Anime Central isn’t just about Japanese movies and comics. We promote all the cultural aspects of Japan and encourage everyone to learn more than just Japan’s popular culture. You don’t need to go all the way around the world to learn more. There are many things you can do in the local area! This week, our post falls during the Bon Festival, where Buddhists honor their ancestors!
The Bon Festival is a Buddhist observance honoring the spirits of ancestors. A “spirit altar” (shōryōdana) is set up in front of the Butsudan (the individual family’s altar) to welcome the souls of ancestors past. A Buddhist priest is asked to come and read a sutra (Buddhist prayer). Among the traditional preparations for the ancestors’ return include cleaning family graves, preparing a path from the grave to the house, and making straw horses or oxen so the spirits don’t have to walk from grave to home. The welcoming fire (mukaebi) built on the 13th of the month and the send-off fire (okuribi) built on the 15th or 16th are intended to light the path.
Tōrō nagashi is a Japanese ceremony in which participants float paper lanterns (chōchin) down a river; tōrō is traditionally another word for lantern, while nagashi means “cruise, flow”. To mark the end of the Bon Festival, small paper lanterns containing a burning flame are either set afloat to a large body of water, or made as flying lanterns and let go to float away into the night. Their light is intended to guide the way for deceased family members’ spirits. Usually the person who lets the lantern go will write a message on the side. Traditional Japanese beliefs state that humans come from water, so the lanterns represent their bodies returning to water (traditionally the sea).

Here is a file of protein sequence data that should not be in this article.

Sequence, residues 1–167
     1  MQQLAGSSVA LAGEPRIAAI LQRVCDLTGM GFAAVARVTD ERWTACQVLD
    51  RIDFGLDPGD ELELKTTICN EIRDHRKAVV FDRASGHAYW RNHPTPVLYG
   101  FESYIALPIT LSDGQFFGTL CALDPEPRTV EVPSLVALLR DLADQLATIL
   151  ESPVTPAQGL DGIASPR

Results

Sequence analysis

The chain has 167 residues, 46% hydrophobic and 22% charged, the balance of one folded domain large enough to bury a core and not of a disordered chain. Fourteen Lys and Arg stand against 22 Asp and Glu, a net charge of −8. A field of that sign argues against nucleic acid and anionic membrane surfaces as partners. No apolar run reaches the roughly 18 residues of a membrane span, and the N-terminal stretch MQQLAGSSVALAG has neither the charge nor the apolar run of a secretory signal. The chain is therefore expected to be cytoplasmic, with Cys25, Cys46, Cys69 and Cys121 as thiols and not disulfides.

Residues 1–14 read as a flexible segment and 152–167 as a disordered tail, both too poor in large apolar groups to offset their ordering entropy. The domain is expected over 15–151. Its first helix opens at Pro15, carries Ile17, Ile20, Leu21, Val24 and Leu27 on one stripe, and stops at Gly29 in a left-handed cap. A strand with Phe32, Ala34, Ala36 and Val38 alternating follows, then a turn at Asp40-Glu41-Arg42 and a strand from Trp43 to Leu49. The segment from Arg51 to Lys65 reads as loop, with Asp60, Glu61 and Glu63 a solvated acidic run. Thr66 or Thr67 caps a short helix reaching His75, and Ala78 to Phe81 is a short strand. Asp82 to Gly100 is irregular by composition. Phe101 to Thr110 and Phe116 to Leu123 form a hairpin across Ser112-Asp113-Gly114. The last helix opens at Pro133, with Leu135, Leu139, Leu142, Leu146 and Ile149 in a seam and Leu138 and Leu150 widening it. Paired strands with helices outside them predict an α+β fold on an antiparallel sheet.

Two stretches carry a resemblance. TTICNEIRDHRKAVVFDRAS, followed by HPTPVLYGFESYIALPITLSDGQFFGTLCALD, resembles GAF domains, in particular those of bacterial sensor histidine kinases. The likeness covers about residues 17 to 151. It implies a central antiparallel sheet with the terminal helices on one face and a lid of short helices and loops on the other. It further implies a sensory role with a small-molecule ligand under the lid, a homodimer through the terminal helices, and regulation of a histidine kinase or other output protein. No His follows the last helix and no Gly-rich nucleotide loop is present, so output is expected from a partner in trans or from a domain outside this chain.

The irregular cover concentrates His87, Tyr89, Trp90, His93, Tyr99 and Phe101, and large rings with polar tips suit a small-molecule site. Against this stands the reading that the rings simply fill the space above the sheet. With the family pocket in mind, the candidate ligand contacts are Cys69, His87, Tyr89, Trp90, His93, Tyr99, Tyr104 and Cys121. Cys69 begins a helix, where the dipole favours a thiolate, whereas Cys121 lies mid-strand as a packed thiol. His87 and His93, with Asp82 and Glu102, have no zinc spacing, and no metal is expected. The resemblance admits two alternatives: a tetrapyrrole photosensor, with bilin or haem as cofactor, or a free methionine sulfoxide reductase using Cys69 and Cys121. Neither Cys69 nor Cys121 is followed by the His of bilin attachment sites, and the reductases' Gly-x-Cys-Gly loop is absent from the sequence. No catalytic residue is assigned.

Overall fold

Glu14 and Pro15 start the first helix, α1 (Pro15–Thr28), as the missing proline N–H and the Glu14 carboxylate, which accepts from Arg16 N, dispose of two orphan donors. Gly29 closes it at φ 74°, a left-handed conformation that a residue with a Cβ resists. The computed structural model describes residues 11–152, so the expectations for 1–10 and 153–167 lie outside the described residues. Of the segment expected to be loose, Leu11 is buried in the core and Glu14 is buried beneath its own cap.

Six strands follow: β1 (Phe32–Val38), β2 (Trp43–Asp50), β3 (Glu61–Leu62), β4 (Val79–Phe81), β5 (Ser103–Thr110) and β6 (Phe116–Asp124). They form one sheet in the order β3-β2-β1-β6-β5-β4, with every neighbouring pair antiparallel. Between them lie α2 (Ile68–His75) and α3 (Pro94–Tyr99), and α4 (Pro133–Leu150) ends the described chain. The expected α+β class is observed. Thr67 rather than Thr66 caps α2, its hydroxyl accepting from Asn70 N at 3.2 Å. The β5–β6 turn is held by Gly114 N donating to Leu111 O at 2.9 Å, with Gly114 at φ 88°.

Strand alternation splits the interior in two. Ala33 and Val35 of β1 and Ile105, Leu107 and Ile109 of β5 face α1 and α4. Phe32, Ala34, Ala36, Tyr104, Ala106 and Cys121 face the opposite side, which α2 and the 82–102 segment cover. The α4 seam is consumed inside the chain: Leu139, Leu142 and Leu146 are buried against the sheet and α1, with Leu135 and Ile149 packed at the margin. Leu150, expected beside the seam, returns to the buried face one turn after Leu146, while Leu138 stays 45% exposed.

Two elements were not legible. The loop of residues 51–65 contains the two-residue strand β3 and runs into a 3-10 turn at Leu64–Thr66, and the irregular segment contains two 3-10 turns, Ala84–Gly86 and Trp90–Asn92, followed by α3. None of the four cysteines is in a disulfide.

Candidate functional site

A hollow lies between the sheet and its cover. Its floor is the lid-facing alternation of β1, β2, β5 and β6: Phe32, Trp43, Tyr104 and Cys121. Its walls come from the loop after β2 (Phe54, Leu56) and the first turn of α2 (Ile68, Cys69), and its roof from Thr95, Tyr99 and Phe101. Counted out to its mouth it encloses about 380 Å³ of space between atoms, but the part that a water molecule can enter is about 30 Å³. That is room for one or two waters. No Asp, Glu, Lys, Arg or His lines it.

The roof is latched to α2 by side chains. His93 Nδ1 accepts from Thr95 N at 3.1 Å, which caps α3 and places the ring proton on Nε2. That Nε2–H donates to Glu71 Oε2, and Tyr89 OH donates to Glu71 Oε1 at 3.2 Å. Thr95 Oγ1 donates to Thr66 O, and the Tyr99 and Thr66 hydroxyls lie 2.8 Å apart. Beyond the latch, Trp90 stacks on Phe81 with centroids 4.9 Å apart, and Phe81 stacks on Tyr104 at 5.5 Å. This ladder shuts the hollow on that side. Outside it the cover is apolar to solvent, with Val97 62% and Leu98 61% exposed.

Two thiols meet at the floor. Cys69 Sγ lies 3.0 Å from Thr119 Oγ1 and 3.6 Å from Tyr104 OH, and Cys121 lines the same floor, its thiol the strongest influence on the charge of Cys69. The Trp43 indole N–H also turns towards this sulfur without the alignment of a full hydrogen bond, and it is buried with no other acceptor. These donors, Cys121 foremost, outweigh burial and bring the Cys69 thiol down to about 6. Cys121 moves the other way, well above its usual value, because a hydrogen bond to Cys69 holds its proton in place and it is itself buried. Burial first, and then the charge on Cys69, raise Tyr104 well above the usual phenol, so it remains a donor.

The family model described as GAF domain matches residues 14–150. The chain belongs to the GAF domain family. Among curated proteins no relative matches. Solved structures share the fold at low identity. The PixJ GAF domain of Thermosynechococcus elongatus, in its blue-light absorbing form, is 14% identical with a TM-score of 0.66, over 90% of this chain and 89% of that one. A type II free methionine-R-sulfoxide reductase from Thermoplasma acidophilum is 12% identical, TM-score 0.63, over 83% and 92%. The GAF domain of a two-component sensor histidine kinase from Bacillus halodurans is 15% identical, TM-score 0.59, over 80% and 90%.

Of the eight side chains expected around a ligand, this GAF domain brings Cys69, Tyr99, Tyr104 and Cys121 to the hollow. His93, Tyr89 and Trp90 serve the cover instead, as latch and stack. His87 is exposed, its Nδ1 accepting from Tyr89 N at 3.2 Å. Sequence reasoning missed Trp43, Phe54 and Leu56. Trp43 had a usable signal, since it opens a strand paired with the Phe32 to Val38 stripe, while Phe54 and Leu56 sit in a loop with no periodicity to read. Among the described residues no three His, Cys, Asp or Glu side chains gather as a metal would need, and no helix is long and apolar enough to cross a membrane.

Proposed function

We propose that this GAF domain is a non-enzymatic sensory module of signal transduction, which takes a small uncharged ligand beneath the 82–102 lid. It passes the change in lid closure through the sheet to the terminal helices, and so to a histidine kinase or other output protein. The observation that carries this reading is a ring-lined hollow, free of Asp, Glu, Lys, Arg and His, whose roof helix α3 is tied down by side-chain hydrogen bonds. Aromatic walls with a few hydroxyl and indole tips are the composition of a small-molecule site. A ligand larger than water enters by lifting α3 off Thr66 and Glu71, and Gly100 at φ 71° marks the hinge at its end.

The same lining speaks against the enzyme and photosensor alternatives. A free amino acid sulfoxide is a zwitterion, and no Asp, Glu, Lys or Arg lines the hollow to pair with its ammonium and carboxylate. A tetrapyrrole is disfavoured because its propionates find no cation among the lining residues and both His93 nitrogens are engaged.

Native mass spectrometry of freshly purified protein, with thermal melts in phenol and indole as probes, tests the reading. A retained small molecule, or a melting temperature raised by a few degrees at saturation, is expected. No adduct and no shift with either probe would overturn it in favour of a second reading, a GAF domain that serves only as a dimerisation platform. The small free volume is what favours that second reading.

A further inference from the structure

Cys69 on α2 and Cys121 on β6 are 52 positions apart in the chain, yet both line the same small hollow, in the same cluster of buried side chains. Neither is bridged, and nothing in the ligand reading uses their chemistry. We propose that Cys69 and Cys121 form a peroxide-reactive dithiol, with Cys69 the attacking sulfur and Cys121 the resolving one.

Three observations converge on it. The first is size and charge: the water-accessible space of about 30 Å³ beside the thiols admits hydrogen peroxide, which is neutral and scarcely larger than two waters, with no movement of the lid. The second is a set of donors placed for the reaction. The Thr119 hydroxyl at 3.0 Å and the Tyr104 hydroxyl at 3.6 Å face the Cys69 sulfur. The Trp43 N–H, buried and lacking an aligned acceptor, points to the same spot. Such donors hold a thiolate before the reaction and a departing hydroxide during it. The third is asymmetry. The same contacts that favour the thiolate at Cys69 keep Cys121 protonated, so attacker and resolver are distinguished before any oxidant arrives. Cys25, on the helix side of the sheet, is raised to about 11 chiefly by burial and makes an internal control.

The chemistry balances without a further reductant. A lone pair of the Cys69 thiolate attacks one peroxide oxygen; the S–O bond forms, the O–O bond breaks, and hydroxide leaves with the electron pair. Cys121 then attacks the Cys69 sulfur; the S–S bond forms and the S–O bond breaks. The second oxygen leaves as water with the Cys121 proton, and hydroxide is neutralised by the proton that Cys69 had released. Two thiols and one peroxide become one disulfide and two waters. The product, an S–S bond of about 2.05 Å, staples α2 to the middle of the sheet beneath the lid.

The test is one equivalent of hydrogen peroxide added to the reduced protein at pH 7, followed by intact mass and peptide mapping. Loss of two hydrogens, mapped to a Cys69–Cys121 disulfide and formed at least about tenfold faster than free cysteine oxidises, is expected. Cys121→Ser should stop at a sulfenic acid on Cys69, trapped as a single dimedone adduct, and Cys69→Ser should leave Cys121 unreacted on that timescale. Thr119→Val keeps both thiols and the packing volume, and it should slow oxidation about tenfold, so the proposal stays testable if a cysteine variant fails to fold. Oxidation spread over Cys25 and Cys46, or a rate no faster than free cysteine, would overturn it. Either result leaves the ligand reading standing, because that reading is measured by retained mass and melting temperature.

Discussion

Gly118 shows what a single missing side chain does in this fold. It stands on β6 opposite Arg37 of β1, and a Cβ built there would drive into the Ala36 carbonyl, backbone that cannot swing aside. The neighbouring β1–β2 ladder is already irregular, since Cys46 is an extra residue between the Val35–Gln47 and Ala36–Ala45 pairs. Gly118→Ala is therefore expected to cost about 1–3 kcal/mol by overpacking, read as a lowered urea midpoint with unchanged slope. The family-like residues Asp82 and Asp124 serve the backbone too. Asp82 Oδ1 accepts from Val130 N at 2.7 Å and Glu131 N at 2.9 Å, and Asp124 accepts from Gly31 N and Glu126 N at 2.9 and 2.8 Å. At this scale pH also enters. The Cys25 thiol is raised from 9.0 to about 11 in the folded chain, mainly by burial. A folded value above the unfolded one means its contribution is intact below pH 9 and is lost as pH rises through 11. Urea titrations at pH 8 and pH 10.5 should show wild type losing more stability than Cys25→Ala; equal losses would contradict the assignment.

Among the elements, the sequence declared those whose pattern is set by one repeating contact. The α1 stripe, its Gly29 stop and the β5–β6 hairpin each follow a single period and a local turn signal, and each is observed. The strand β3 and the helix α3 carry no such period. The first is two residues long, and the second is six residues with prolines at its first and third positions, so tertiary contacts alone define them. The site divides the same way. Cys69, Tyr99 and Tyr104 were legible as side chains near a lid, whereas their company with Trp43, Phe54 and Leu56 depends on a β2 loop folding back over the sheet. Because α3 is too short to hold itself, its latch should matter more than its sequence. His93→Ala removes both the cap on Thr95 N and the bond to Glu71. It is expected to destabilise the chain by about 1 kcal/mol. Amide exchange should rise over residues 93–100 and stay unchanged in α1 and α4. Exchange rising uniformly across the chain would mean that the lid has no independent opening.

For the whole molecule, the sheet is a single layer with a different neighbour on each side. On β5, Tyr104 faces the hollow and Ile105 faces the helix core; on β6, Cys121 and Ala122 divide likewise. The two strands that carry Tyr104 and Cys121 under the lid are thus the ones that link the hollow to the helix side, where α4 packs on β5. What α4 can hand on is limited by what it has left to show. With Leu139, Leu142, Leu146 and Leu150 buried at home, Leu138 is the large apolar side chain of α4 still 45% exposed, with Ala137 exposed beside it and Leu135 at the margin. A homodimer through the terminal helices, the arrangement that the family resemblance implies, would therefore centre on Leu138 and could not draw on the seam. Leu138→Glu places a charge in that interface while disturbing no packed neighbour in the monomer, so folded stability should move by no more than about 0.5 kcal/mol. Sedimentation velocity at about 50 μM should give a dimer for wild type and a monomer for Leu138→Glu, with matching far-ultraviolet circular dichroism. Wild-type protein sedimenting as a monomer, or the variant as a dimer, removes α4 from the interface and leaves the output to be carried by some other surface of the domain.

Tōrō nagashi may be done on other days of the year for other reasons, such as to commemorate those lost in the large scale tragedies (such as the bombing of Hiroshima). In the United States, in the state of Hawaii (which has a large Japanese population), participants float paper lanterns on Memorial Day, remembering those lost (especially during World War II) and they commemorate the end of the war.
The Bon Festival takes place in Japan around the middle of July or August, depending on location and if one follows the Chinese lunar calendar or the Christian Gregorian calendar.
Visit your local Buddhist temple for more information about the religious significance of the Bon Festival. For information to find Buddhist temples and organizations in the Chicagoland area, visit http://www.buddhistcouncilmidwest.org/members.htm.
For more info about the Memorial Day lantern floating in Hawaii and across the US, visit http://www.lanternfloatinghawaii.com/.
May you bring honor and joy to the spirits of your ancestors! How do you celebrate and honor the spirits of your ancestors? Feel free to leave a comment!